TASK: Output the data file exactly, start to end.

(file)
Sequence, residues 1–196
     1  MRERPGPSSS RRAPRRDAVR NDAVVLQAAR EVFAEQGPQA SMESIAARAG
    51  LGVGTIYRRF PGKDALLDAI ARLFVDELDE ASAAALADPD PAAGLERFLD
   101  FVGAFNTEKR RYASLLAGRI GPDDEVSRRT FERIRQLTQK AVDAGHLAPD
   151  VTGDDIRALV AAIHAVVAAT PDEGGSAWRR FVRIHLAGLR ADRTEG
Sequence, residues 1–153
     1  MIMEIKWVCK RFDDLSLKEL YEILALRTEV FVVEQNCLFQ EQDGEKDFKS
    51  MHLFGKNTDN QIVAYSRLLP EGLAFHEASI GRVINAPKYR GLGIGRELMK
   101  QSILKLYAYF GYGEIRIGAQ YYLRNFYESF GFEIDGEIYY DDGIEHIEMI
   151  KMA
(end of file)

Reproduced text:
Sequence, residues 1–196
     1  MRERPGPSSS RRAPRRDAVR NDAVVLQAAR EVFAEQGPQA SMESIAARAG
    51  LGVGTIYRRF PGKDALLDAI ARLFVDELDE ASAAALADPD PAAGLERFLD
   101  FVGAFNTEKR RYASLLAGRI GPDDEVSRRT FERIRQLTQK AVDAGHLAPD
   151  VTGDDIRALV AAIHAVVAAT PDEGGSAWRR FVRIHLAGLR ADRTEG
Sequence, residues 1–153
     1  MIMEIKWVCK RFDDLSLKEL YEILALRTEV FVVEQNCLFQ EQDGEKDFKS
    51  MHLFGKNTDN QIVAYSRLLP EGLAFHEASI GRVINAPKYR GLGIGRELMK
   101  QSILKLYAYF GYGEIRIGAQ YYLRNFYESF GFEIDGEIYY DDGIEHIEMI
   151  KMA